Japanese mobile giant SoftBank has agreed to acquire British chip designer ARM in a deal worth £24.3 billion (about $32 billion).
ARM, which designs the vast majority of chips selling in mobile devices today and is widely considered as the U.K.’s most successful tech outfit, confirmed the news on Monday. Rather than build the microchips itself, the company licenses the technology to firms such as Qualcomm, Apple, and Samsung, with more than 60 billion ARM-based chips shipped globally to date.
The acquisition, the largest ever of a European tech firm, reflects SoftBanks’ confidence in the future success of the so-called “Internet of Things,” a growing market where everyday objects and machines – refrigerators, washers, watches, cars, and so on – are built to communicate with each other. Using, SoftBank hopes, chips designed by ARM.
Commenting on the deal, ARM CEO Simon Segars said the two companies “share a vision of the way technology is going to change people’s lives, the way technology is going to enable communication and collaboration around the world.”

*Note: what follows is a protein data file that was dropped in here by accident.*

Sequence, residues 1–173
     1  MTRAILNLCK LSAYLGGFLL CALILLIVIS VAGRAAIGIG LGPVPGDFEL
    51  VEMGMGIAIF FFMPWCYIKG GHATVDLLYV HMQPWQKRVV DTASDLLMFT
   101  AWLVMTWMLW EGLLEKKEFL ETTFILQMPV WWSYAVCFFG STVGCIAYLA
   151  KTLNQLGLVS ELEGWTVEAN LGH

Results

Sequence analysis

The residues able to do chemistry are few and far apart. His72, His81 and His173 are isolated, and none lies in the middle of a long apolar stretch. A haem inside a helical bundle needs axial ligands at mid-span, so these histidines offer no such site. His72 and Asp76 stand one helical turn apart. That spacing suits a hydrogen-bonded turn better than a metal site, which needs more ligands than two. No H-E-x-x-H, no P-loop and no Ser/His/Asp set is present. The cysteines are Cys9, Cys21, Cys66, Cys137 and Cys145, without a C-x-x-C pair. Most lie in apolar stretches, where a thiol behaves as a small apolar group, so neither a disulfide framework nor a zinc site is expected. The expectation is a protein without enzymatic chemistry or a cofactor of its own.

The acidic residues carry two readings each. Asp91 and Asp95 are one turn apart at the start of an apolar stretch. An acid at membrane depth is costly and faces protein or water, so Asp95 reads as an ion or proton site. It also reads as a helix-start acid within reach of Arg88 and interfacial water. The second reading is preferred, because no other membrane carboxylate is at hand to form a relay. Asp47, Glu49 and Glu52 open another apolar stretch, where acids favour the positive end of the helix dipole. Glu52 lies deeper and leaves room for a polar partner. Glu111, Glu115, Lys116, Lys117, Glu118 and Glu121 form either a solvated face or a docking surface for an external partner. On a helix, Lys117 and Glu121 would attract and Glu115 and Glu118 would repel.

He added, “With SoftBank’s backing, with the level of investment they can make in this business, we believe we’ll be able to achieve more than we could standing on our own.”
ARM, based in the university city of Cambridge about 40 miles north of London, was founded in 1990 and currently employs more than 3,000 people. Around 1,500 new jobs are expected to be created in the U.K. over the next five years as a result of the SoftBank deal, with additional positions created overseas.
SoftBank founder and CEO Masayoshi Son said in a statement on Monday that its latest acquisition would be “an excellent strategic fit,” at the same time noting the “competitive advantage provided by the deep pool of science and technology talent in Cambridge.”
Tokyo-based SoftBank already owns a slew of technology-related firms – Sprint among them – and has also increased its global profile in the last couple of years via Pepper, a robot which can respond to human emotions that it created in collaboration with French robotics firm Aldebaran SAS.
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